Edinburgh has just hosted two weeks of meetings discussing the albatross and petrel conservation crisis. A room full of seabird scientists and officials from each of the member countries to the Agreement for the Conservation of Albatross and Petrels (ACAP), working together on recommendations aimed at saving seabirds from drowning...
When the Humane Society International (HSI) was involved in the original negotiations for the Environment Protection and Biodiversity Conservation Act 1999 in the late 1990s, it promised a new era of environmental protection. The Federal Government had recognised its obligation to protect our environment at a national level and introduced a new Act to put the federal environment minister in charge of protecting nationally important wild places, wildlife and their habitats, instead of leaving decisions to resources ministers and the states and territories. And in many ways, the Act delivered – everything from ensuring the end to mass electrocutions of the spectacled flying fox and thereby protecting World Heritage Daintree rainforests, to improving management of our fisheries and preventing impacts on species such as the Australian sea lion.
But jump forward to 2022 and we are in the midst of an extinction crisis. Under funding, high levels of ministerial discretion, and weakening of the Act by successive governments have combined with worsening threats such as climate change and the emergence of gaps in the legislation to mean that the Act is no longer fit for purpose.
This isn’t new news. A 2020 review of the Act by Professor Graeme Samuel found that it is “out dated and requires fundamental reform” and the Act no longer enables the Commonwealth to “effectively fulfil its environmental management responsibilities”. The 2021 State of the Environment told us that the state of our natural world is poor and deteriorating and increasing pressures are acting to make many species and ecosystems increasingly threatened. Sadly, despite calls from many Australians, the previous Government failed to act on this information and offered legislation that was all about handing decision making back to the states and territories, rather than stronger protection for the environment.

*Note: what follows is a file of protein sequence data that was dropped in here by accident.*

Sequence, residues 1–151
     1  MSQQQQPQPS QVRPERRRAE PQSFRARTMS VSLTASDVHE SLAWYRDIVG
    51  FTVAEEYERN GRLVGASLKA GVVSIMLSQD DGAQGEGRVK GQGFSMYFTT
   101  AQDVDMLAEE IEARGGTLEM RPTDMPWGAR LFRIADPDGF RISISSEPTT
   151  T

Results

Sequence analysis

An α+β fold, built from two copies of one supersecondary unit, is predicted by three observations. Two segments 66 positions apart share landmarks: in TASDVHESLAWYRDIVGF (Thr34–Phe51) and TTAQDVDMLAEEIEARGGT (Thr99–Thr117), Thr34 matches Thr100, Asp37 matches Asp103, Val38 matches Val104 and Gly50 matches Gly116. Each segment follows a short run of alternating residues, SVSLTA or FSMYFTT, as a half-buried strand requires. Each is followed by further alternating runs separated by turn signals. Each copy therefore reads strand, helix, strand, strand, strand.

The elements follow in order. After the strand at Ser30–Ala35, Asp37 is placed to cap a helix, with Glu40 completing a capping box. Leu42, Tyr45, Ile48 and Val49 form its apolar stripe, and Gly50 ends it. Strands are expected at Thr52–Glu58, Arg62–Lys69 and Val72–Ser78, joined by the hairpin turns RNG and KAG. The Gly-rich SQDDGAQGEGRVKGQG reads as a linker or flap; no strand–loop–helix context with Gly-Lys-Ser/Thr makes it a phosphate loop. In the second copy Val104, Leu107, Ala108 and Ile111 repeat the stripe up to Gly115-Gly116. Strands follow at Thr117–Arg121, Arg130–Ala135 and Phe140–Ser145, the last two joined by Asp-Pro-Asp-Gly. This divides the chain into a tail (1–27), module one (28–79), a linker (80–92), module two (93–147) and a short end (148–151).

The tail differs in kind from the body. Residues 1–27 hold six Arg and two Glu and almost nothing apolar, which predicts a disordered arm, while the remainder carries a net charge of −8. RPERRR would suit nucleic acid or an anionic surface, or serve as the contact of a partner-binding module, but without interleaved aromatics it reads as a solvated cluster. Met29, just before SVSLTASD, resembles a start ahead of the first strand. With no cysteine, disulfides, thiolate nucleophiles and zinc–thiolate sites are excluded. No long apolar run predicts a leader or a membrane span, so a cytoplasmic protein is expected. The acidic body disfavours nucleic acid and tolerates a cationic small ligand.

That’s why HSI is today welcoming the Australian Government’s commitment to revitalising our national environmental legislation. These reforms must address the urgent need to strengthen and modernise the Act to ensure it can turn around the extinction crisis and deliver strong environmental outcomes for the next 20 years and beyond.
Combined with their previous commitment to no new extinctions, today’s announcement by the Federal Government is really promising – it has recognised the need for strong, binding National Environmental Standards that will inform decision making, and the importance of protecting those areas that are critical to the survival of our threatened species. But there is a long way to go, and much all-important detail is still to be worked out.
To be effective, national standards must be expert-led, provided upfront and provide clear and strong protections for nature, so we are clear on the outcomes the reforms are trying to achieve. We must ensure that the proposed Environment Protection Agency is properly resourced and truly independent of the politics of the day, and the community must have the ability to enforce these decisions through the right to undertake merit reviews of poor decisions and to enforce the law where the Government doesn’t.
We must also ensure that we don’t whittle away the environmental gains by still allowing the Federal Government to devolve their responsibility to states and territories or other Government agencies, or allowing industry to buy their way out of environmental protection.
The proposed introduction of a conservation payment into the federal offsets regime risks creating a system that is equivalent to the NSW scheme which has been heavily criticised by the NSW Audit Office and a parliamentary inquiry. This is a serious concern. And of course we have to plan not just to protect our remaining wildlife and their habitats but to drive recovery of our threatened species and communities. This means recognising the impacts of climate change both in making new decisions and planning for recovery; and ensuring that all our listed threatened species and entities have a legally binding plan for recovery that is clear on what is needed to recovery the species, including an explicit requirement to protect habitat that is critical to their survival, and provides the funding needed to implement the plan. The new announcement provides a good basis for this work.
It’s less known that our national environmental laws also regulate Australia’s involvement in international wildlife trade. We’re very pleased to see that the government is committing to reduce the potential for wildlife permits to be misused by applicants. The reforms also provide the opportunity to take action on existing outstanding commitments such as a ban on the domestic trade of ivory and rhino horn and to make new commitments such as a ban on the import of hunting trophies into Australia.
Nature is in crisis, but we know that it’s not too late to turn things around. To do so will require commitment, action and resources. The Government’s response to the Samuel review tells us that they have recognised the problem and are genuinely committed to action. That’s a good place to start from. But we urgently need to see the detail of the reforms, designed, funded and delivered, to ensure that future generations can see and appreciate the natural wonders that our Environment Protection and Biodiversity Conservation Act 1999 is supposed to protect.